15-18 months old

Large Muscle (Gross Motor Activities) This is a very exciting time for you and your toddler! Your toddler is beginning to walk well. He will want to walk all of the time. He may have trouble sleeping for the first week after he begins to walk. You may find him walking around in his bed when he should be sleeping. It is all so exciting to him that he finds it hard to take time out to sleep. By the end of the year, he will be able to jump up and down and he will be able to walk up stairs using a rail. He loves to pull or push a toy. Now he likes to put objects into a container. Give him his own kitchen cabinet with some plastic stacking cups and bowls and he will be happy moving them back and forth.

Large Muscle Activities With One-Year-Olds

  • Try to keep him on a level surface as he learns to walk. After he has practiced enough, let him walk in the yard. He will be surprised when he falls down but he will quickly learn how to get around the little bumpy spots.
  • He will want to try stairs. Just stay beside him as he climbs. Work with him on a safe way to come down. A baby gate is an important safety device for those times when you can't be right there.
  • Play catch with him.
  • Take him for a walk and let him bring his pull toy.
  • Ask him to get his coat or shoes when you are going somewhere.
  • He will begin to walk faster when he wants to go in a different direction than you want. He will try to get around you and go his own way. Be friendly but firm in your guidance.
  • Play simple chase games with him. Blow bubbles to chase.

Small Muscle

Your toddler will begin to stack blocks. He will also be able to place two or three pegs in a pegboard before he gets tired of it. He has begun to enjoy scribbling. Later in the year, he will be able to make a circular scribble and a vertical line. He will also hold the crayon with his fingers instead of his fist. By the end of this year, he will favor one hand over the other. He has begun to use his finger to point to objects. He will be able to do a simple three piece knobbed puzzle.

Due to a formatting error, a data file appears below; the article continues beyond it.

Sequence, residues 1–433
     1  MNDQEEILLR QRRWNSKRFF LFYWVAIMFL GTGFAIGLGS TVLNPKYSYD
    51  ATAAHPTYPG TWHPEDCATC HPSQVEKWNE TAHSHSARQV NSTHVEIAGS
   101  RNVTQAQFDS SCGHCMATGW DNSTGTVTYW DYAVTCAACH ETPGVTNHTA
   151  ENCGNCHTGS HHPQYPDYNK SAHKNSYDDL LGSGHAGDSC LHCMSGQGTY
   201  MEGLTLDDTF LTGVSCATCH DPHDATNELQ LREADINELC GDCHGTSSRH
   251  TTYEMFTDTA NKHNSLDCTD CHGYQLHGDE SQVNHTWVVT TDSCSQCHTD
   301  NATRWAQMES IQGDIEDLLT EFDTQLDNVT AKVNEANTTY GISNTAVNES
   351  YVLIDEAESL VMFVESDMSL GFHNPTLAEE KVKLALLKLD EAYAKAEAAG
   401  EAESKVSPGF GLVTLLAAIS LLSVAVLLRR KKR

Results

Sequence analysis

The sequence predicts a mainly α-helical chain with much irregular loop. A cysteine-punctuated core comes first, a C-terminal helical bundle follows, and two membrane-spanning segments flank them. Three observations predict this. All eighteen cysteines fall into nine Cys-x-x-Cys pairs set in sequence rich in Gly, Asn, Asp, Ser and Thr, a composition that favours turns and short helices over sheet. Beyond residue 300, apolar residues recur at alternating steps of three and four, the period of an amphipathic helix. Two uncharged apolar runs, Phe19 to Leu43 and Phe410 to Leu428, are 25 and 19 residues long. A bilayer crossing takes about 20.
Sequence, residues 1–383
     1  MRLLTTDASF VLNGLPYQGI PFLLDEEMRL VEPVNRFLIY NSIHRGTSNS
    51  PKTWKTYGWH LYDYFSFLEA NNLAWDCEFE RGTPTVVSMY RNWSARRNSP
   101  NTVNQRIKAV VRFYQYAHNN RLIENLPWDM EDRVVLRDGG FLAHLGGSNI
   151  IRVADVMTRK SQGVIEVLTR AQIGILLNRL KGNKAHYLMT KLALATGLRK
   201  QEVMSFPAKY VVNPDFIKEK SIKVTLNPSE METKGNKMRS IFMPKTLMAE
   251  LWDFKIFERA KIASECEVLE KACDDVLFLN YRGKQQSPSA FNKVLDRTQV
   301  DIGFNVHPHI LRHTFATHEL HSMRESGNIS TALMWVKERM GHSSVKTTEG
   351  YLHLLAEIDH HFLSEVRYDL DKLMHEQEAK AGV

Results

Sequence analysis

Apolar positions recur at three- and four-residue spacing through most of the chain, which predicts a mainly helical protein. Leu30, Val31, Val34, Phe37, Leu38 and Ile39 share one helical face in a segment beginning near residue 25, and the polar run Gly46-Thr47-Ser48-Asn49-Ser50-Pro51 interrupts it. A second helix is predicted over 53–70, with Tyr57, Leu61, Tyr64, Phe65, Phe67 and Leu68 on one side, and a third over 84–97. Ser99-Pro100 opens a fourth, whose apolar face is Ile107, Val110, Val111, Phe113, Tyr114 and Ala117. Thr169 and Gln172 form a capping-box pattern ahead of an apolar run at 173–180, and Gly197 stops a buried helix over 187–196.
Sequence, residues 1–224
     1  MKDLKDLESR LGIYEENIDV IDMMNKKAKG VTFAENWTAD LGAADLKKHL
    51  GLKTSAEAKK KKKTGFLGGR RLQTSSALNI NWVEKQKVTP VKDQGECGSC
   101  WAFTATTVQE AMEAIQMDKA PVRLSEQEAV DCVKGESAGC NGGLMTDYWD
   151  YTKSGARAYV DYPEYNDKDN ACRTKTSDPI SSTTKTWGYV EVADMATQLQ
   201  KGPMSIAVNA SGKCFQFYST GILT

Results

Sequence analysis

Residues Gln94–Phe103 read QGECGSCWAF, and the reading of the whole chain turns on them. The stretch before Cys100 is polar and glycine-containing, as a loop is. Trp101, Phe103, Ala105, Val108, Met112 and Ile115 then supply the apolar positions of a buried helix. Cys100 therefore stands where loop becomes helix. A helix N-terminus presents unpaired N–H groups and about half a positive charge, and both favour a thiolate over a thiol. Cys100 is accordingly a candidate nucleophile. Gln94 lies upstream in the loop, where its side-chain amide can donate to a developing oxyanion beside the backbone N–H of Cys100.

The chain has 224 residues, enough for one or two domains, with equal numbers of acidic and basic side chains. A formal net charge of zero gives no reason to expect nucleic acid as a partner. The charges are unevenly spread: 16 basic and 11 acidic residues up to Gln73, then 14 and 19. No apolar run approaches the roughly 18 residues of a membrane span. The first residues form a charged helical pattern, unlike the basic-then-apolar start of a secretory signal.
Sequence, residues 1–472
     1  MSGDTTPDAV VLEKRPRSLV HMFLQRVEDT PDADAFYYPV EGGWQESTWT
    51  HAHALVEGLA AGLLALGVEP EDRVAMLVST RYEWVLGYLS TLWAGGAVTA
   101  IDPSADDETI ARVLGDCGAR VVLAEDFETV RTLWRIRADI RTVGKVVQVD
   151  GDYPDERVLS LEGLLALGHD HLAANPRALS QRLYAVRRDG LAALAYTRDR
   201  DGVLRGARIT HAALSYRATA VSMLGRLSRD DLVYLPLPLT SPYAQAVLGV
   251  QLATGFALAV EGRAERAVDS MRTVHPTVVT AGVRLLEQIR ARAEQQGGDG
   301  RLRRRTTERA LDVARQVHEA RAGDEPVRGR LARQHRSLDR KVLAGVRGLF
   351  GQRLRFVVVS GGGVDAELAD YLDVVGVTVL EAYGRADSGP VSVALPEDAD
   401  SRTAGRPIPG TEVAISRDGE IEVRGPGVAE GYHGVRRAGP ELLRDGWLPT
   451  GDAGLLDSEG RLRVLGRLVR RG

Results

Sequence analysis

Small Muscle( Fine Motor) Activities

  • Use beanbags to throw at a target.
  • Let him help you fold clothes.
  • Play a body parts game where you name a part and he points to it.
  • Read books with him holding the book and turning the pages.
  • Let him explore with sidewalk chalk.
  • Have him push the buttons on a play telephone or on an activity toy.
  • Pack sand in a mold.
  • Provide age-appropriate toys like little cars with passengers that he can put in their seats.

Emotional and Cognitive Development

Your toddler is curious about everything. She wants to explore physical objects and also her own feelings. Help her express these feelings. This is part of her emotional growth. If her expressions of her feelings become too aggressive, help her find acceptable ways to express these feelings without hurting others. Toddlers are developing feelings of empathy. They do not fully realize how much they can hurt others. Show affection for other members of the family throughout the day and she will begin to imitate you. Praise her for good behaviors and ignore her tantrums. 2-3 years old can have terrible temper tantrums when they don’t get their way. He may bang his head or lay down on the floor. Make sure the area is safe and there are no small toys that can hurt him around. Ignore the tantrum and don’t give in. They will never bang the head to the extent of head injury. If he has hurt someone by hitting he needs to be told firmly about it. Time out is a good way to discipline them but their attention span may just be few minutes.

Along with a sense of empathy, your child is also developing self-regulation. She needs to have space to assert herself and she needs to be allowed to state her opinion about things. She also needs to be allowed and encouraged to accomplish tasks on her own. She will return to the security of your lap or to get a hug often. She loves you madly but she is becoming her own person. She is also very interested in having a predictable routine. She will know her routine and what is likely to happen next.

By the end of the year, your toddler has a sense of self. She calls herself by her own name. She recognizes herself in the mirror or in a picture. She imitates your actions. She will often play by herself. She believes everything belongs to her. Your toddler is beginning to pick up words. Say the words for objects in your home and outdoors. Look at her as you pronounce words so she can see how you pronounce them. She is a great imitator. Encourage her to use words.

Read to her every day. Begin reading some predictable books so that she can "read" them to herself. Good examples of predictable books are: Goodnight Moon, The Runaway Bunny, and Teddy Bear, Teddy Bear. Also look for simple books about families and grandparents. Play "Hide and Seek" games. Share toys, books, snacks with her. Hold out your hand for her to share with you.Give her stacking toys and play with them beside her.

Farah Naz, MD - Pediatrics
2459 East Hebron Parkway, Suite 100, Carrollton, TX 75010
Office - (972) 395-8600 | Fax - (972) 395-7119